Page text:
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Top 100 : 2012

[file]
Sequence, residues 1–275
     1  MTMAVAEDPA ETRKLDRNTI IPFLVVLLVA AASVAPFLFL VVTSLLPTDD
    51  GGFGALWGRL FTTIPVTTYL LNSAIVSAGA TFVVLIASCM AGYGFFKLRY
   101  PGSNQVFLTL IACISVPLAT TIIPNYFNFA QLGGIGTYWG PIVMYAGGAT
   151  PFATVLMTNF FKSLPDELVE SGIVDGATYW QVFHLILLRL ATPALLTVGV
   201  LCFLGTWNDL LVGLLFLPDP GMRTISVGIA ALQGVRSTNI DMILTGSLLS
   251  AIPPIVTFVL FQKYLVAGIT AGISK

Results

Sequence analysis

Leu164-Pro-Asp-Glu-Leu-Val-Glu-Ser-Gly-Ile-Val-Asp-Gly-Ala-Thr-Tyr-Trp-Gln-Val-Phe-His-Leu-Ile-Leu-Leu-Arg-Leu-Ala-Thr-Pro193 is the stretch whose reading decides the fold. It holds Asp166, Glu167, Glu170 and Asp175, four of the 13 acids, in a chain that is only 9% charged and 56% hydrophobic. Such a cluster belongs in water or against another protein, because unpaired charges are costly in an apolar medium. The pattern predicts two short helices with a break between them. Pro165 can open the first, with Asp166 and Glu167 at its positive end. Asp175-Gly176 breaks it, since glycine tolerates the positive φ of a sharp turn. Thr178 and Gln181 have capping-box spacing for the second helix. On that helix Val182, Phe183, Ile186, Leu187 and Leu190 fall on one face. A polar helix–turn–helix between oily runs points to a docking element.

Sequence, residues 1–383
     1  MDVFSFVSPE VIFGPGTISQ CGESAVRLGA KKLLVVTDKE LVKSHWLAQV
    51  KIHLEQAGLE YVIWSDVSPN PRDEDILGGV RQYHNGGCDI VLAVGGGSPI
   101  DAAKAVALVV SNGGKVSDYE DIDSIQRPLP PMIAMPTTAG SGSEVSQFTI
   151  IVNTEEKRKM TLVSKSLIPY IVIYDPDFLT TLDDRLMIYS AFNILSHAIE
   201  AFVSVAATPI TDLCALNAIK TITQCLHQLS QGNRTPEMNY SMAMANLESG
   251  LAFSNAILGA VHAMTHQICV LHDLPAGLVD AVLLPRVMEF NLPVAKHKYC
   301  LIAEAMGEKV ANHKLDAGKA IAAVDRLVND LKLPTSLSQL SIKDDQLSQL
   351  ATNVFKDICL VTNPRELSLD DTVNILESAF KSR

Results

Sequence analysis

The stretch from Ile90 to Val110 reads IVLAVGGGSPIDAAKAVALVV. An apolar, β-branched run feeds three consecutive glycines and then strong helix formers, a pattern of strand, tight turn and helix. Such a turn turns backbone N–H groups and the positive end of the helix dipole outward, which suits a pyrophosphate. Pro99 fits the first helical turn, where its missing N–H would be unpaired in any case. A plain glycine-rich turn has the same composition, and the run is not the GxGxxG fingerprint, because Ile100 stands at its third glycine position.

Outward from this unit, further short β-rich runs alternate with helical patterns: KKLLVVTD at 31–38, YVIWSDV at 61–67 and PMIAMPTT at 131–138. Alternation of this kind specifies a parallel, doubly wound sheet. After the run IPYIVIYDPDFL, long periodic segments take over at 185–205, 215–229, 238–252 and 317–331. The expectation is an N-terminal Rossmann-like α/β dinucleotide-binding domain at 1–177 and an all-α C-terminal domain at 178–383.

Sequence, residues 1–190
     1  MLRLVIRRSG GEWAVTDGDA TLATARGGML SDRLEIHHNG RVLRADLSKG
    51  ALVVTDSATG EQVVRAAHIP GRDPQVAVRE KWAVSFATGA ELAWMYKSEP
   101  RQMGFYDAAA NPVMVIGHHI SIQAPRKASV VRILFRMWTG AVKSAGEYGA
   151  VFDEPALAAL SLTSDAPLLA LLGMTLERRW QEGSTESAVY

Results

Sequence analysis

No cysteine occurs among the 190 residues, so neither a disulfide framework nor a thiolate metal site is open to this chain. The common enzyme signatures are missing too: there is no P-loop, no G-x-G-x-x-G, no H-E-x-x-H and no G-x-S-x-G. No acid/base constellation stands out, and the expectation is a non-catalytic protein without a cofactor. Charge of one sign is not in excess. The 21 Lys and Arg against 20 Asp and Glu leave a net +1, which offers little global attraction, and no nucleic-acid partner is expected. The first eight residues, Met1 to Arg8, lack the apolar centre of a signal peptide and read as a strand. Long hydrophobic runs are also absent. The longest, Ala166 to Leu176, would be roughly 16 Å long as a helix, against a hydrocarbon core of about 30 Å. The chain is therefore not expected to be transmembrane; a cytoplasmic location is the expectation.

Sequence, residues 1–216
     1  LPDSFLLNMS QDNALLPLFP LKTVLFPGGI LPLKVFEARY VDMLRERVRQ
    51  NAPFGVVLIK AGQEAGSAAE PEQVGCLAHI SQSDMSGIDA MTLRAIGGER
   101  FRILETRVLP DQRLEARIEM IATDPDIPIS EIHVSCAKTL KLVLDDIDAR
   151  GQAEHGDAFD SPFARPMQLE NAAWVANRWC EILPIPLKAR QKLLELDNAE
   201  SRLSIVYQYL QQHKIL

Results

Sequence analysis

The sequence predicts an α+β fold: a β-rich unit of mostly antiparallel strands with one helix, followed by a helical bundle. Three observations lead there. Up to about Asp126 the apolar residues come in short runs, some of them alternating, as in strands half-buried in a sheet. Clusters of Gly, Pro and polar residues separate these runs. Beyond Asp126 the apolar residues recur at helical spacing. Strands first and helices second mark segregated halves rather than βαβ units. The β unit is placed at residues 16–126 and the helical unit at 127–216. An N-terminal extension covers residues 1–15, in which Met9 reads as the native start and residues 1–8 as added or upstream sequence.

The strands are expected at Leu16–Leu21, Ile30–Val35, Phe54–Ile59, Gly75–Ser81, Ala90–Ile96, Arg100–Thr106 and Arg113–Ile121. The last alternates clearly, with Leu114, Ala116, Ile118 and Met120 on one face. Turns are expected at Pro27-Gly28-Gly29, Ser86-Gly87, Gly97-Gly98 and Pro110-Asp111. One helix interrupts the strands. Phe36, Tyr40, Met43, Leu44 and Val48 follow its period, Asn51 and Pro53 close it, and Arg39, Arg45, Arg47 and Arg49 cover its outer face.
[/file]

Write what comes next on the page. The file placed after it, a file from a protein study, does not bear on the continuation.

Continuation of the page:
COVER STORY -- TOP 100 34 ENGINEERS AUSTRALIA | JUNE 2012 Stuart Wenham, 54 Director, ARC Photovoltaics Centre of Excellence, University of NSW, Sydney Photovoltaic engineer, UNSW WORKING WITH the Pluto technology he jointly developed, solar cell technology pioneer Professor Stuart Wenham said the new cell derivative is more economically viable to produce on a large scale and in the past year they have upscaled capacity to the level where it can produce $1 billion of product each year. Wenham said a partnership with Sun- tech has been vital in allowing the cell to move beyond a lab-scale device and become a commercial reality. In continued develop- ment the cell also recently surpassed the 20% efficiency barrier for converting the sun s radiation into electricity, setting a new benchmark for low-cost, mass produced silicon solar cells. "Much of our success in the develop- ment and commercialisation of new high performance photovoltaic (PV) technol- ogy has been through engineering and its exploitation of scientific breakthroughs. Such engineering has had a major impact in determining the direction of my career." Last year Wenham received the IEEE International Electron Device Society s JJ Ebers Award for "outstanding technical contributions to electron devices" as well as the NSW Science and Engineering Award for Climate Change and the Environment. Last month, he and Professor Martin Green were awarded the 2012 Australian Collaborative Innovation Award from the Cooperative Research Centre Association. Andrew Vann, 48 Vice-Chancellor and President, Charles Sturt University, Bathurst Civil engineer, Nottingham Trent University (formerly Trent Polytechnic) THE MAJOR highlight of the past year for Professor Andrew Vann was moving from senior deputy vice-chancellor at James Cook University in Queensland to his new vice chancellor role at Charles Sturt University (CSU) in central NSW in January this year. With many years working in regional higher education, Vann is committed to growing opportunities for rural and re- gional students and is looking forward to the challenges ahead. The Australian higher education system has provided Vann with opportunities to explore education in ways he believes would not have been available if he had stayed in the UK, such as the development of distance and online education. In one of the tasks ahead in his new role, Vann is looking to see if CSU can introduce engineering as a discipline. The son of two aeronautical engineers, Vann enjoys the sense that in engineering you are always working towards a greater, and reasonably permanent, end. "One of the nice things about engineer- ing projects is that you have to deliver. No matter how well you plan, there are always unexpected adversities, so you have to learn to accept responsibility for, and be philosophical about, success and failure." Ian Young, 55 Vice-Chancellor, Australian National University, Canberra Coastal and ocean engineer, James Cook University THIS PAST year, Australian National University (ANU) vice-chancellor Profes- sor Ian Young delivered his new strategic plan for the university. The ANU by 2020 strategic plan will guide the development of the university over the next decade and was "a major undertaking". Young said the plan is focused on "boost- ing excellence in three key areas: research, education and our role as a public policy resource for the nation and the region". He said his engineering background has provided him with a great platform for managing the complexity of a large organisation, using attributes such as stra- tegic planning and risk evaluation, along with a resolution to remain focussed on achieving the desired outcomes. The most critical turning point in his career was the decision to take on a greater management role: "Despite this, I have always believed that I need to remain connected to my discipline. As a result, I try to remain research active and, where possible, engaged with industry." Young conducts research focused on coastal and ocean engineering and par- ticularly wind generated ocean waves. He is a member of the Advisory Council of the Australian Research Council, and sits on the board of the Group of Eight -- a coalition of Australian university vice-chancellors. PHOTO: UNSW MEDIA Academia / Research